From Muscovado to Molasses Rum (3)!

Today, we are finishing the Muscovado Rum in the iStill 100. We already took the heads, and are now in the process of collecting hearts. Impressions? A nice light rum in the making!

Muscovado Rum finishing run …


So, what’s next? I’ll tell you right now! With a tote of molasses from South America that taste like heaven, we decided to whip up a new fermentation. Molasses, for a heavier, more complex rum.

Amazingly tasty molasses …


And the yeast certainly seems motivated to work on our next batch of rum. The moment we put the water lock on, it started fermenting!

Molasse fermentation, 1, 2, 3 … go!


Making Muscovado Rum (2)!

The fermentation finished in five days, which is pretty impressive, because it is basically a sugar ferment. Yesterday, we put 90 to 95 liters in an iStill 100 and performed a stripping run. The yield was 22 liters at 38%. That is 8,36 pure alcohol liters. 8.36 divided by the 90 to 95 liter boiler charge, results in a fermentation strength of 9%. Pretty much spot on. Conclusion? iFeed helps improve fermentation time and yield.

Still close to 100 liter of muscovado wine left …


As mentioned above, the stripping run resulted in 22 liters at 38%. The low wines are slightly cloudy and have a nice, light rum aroma.

What’s next? Well, probably tomorrow already, we are going to put the low wines back in the boiler of the iStill 100 (after cleaning it out first). We’ll then top-up with the remaining fermentation (some 75 liters) and do a slower finishing run, making cuts for heads, hearts, and tails.

On Friday, we’ll do some tests with back sugaring to finalize a nice, drinkable recipe. If you follow the iStill Blog, we’ll keep you posted!

Stripping the muscovado rum wine into low wines …



Making Muscovado Rum (part 1)!


So we are having a dab at making rum. Not just any rum, but muscovado rum? What it is? Well, it is a rum made from muscovado. Let’s dive in deeper!

What is rum?

Rum is an alcoholic beverage made from sugar cane byproducts. Sugar cane is a plant that grows in the tropics and contains (the name gives it away …) high levels of sugar.

By pressing the juice out of the sugar cane stalks, a sugary liquid is obtained. When that liquid is boiled, a brown, dark sugar (sometimes called muscovado or panella) can be made.

By further refining this raw sugar, the molasses (brown, tasty) and actual sugars (whiter and sweeter) can be separated. Sugar is used, well, to sweeten up basically anything, while the molasses are a great as table top syrup, animal stock feed, or base for rum production.

The more refined the sugar gets, the more heavy the resulting molasses will be. Heavy C-grade and blackstrap molasses create heavy style rums, where the use of muscovado or panella (the original non-refined reduced sugar cane juice) creates a better yield at lower taste intensity levels. Muscovado, to conclude this paragraph, should make for a great light rum. Molasses are better for the heavier styles.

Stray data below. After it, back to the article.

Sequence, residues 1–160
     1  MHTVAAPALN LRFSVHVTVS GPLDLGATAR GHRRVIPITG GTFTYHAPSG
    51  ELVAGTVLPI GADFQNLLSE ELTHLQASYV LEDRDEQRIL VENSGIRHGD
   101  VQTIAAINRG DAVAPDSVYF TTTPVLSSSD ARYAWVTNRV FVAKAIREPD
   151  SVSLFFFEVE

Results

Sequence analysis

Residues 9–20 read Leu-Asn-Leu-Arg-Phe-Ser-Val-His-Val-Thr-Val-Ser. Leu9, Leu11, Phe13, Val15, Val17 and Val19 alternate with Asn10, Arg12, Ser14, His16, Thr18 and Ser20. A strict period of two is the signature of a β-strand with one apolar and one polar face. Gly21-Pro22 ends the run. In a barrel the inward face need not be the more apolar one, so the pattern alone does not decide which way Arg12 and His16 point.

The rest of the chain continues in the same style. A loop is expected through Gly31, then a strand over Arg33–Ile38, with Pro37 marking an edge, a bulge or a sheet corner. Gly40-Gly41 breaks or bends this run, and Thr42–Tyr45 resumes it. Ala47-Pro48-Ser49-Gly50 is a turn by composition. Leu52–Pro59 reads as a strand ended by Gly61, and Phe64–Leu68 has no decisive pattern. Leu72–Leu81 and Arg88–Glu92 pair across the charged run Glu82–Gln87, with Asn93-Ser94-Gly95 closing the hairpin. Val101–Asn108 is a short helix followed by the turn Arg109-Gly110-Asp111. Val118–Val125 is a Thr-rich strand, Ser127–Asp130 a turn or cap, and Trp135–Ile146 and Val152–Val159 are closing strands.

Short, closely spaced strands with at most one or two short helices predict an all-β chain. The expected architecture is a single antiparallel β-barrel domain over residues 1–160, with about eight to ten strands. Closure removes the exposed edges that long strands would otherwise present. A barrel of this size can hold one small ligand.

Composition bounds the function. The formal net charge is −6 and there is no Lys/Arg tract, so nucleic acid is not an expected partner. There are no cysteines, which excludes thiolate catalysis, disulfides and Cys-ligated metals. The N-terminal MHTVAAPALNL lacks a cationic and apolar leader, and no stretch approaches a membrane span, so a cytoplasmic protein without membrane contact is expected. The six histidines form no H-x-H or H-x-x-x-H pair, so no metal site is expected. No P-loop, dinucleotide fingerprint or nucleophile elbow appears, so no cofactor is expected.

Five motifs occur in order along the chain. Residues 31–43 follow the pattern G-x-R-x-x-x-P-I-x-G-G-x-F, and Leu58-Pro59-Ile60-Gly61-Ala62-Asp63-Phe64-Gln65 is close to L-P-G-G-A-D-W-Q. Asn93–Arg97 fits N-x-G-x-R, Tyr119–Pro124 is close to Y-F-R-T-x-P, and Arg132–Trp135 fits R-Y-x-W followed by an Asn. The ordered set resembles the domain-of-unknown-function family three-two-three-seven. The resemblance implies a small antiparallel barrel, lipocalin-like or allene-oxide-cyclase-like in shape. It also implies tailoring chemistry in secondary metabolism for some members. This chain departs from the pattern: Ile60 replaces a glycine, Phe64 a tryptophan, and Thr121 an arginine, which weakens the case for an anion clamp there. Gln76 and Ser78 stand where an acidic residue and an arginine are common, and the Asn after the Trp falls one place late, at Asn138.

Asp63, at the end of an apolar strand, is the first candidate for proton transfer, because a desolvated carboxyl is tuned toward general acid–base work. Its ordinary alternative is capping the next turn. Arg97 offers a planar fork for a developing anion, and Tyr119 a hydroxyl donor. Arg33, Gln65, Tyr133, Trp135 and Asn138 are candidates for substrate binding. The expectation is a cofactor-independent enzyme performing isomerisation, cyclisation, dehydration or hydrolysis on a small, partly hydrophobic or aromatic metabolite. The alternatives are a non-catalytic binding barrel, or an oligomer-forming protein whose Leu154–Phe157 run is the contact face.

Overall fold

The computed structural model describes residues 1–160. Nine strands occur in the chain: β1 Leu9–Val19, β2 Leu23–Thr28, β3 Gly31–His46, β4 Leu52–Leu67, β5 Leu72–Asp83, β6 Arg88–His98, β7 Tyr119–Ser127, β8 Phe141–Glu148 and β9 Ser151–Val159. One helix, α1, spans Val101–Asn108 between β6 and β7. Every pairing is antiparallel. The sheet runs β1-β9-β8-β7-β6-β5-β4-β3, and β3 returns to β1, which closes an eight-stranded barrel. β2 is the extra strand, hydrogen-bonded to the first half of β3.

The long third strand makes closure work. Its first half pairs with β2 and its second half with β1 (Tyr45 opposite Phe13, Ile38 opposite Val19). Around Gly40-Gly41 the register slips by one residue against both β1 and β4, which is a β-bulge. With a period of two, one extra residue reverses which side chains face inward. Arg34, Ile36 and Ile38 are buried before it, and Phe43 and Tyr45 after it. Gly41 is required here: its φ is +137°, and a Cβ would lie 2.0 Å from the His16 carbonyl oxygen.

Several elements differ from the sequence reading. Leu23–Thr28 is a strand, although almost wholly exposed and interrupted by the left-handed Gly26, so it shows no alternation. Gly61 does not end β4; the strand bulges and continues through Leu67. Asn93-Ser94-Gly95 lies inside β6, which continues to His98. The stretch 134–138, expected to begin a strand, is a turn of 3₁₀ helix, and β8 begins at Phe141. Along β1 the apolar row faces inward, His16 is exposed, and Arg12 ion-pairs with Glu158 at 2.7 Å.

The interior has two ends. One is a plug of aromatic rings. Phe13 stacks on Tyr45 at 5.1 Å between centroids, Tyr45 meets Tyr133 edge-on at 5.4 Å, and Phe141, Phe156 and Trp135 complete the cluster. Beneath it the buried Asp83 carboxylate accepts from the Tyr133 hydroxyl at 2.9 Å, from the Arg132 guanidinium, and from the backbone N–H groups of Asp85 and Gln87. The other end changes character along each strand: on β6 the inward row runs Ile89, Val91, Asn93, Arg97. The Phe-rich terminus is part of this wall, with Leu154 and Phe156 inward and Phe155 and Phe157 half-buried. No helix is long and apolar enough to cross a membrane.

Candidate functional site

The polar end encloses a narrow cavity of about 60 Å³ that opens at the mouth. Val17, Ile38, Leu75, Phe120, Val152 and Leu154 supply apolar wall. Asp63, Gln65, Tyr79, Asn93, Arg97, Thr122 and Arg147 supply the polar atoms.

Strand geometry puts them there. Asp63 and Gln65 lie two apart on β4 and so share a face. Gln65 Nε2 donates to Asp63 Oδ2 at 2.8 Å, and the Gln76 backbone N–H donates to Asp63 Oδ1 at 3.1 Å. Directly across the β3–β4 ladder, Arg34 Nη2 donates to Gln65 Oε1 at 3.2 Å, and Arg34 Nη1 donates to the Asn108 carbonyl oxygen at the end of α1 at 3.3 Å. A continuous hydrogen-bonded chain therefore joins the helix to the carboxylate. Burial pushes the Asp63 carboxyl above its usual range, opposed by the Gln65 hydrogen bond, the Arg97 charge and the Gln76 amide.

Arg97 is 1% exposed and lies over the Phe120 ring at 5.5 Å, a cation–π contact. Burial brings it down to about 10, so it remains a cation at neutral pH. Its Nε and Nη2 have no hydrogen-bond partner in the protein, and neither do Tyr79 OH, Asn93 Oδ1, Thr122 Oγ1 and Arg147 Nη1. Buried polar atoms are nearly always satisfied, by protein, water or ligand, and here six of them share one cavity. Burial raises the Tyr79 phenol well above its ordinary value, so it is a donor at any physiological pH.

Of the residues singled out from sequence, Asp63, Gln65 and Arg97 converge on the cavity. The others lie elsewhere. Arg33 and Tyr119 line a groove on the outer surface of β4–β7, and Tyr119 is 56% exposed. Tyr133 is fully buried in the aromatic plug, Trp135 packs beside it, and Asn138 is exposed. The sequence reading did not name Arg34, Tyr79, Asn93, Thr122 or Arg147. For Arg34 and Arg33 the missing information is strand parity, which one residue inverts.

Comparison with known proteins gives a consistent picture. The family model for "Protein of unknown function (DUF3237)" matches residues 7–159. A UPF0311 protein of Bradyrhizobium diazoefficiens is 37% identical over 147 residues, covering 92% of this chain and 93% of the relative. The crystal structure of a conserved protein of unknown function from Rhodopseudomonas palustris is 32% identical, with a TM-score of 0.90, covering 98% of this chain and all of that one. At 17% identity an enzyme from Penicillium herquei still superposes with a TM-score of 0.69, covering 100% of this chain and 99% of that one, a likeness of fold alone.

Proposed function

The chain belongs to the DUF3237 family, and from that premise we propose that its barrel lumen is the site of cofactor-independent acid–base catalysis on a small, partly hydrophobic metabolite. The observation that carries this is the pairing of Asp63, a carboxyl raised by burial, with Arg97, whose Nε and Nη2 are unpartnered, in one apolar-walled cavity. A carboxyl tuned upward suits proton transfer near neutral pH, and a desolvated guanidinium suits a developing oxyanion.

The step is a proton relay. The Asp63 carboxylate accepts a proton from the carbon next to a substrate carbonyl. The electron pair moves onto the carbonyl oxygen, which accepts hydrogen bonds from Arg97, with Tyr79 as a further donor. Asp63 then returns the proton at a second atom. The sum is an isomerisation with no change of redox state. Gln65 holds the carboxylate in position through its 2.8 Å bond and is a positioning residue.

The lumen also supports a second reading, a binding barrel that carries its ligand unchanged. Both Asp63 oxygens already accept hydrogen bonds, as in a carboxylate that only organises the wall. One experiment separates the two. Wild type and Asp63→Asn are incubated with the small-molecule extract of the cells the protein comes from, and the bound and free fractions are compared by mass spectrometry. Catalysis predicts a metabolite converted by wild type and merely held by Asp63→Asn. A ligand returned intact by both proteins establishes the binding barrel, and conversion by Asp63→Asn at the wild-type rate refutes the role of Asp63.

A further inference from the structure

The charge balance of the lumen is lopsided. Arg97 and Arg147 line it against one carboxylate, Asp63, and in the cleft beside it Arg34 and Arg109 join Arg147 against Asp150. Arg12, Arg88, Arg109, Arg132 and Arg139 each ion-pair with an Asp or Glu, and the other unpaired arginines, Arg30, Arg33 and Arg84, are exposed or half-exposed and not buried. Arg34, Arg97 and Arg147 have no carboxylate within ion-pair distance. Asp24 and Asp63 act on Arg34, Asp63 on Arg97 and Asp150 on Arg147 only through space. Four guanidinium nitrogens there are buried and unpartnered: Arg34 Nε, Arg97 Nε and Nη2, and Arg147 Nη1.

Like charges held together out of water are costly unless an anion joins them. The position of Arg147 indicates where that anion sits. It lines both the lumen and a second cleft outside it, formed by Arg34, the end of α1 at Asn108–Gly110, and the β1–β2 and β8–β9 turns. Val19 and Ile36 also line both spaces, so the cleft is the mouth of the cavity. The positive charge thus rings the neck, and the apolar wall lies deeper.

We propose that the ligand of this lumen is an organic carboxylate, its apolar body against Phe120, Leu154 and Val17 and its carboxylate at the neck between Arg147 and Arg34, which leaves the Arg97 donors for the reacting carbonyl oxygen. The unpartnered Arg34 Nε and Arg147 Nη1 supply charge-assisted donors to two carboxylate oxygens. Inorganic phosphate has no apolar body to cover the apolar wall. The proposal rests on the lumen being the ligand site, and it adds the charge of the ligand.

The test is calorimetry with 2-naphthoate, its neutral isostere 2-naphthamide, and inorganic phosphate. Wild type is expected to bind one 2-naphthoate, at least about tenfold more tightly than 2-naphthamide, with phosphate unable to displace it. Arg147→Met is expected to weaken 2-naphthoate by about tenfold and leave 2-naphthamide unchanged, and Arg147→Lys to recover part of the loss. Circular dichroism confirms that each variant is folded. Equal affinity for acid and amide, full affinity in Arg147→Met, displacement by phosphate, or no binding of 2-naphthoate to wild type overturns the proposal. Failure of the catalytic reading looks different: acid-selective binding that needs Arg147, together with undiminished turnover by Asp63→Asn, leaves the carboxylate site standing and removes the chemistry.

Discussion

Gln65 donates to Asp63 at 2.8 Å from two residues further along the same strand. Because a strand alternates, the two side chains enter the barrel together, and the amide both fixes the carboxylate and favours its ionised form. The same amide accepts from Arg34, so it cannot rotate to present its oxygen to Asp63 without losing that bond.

Muscovado sugar …


Making Muscovado Rum Wine

The first batch we are making – until we get in bigger quantities – is in a simple plastic fermenter. In order to make 200 liter of rum wine (scalable):

  • Add around 150 liter of 35 degrees Celsius water;
  • Then add 34 kilo’s of muscovado sugar and stir it in;
  • Top-up with cold water to achieve a total of 200 liters;
  • Now add the appropriate amount of iFeed (iStill’s new yeast feed and fermentation stabilizer);
  • Sprinkle 125 grams of dried granulated baker’s yeast on top;
  • Close the fermenter and add the water lock;
  • Fermentation starts in a matter of hours and will take around 4 days;
  • You’ll end up with around 200 liters of 9% rum wines.

Interested in seeing how we distill it into a rum? Stay tuned. The follow up iStill Blog post will probably be up in a day or two.

Fermentation has started …



Shipping Huge iStill Distilleries!

We are seeing more and more orders. Not just for individual (multi-role) stills, but for complete distillery set-ups as well. Here are pictures of an order (pre-packaging) of an iStill 5000 and an iFermenter 5000. That’s 5000 liter of total mashing capacity, 10.000 liter of fermentation capacity, and 5000 liter of distilling capacity. On a weekly basis, applied to whiskey production, this set-up can produce 6 1/2 barrels (55 gallon each) of 120 proof New Make per week …

Wanna design your own distillery? Here you go:

Building More iStills Nano!

We are currently building a batch of 36 iStills Nano. The iStill Nano is the one liter gin school still that you can order in batches of six. Interested in setting up a gin school to intensify your distillery’s customer experience, please read this thread:

And here is a picture of us building them little boilers …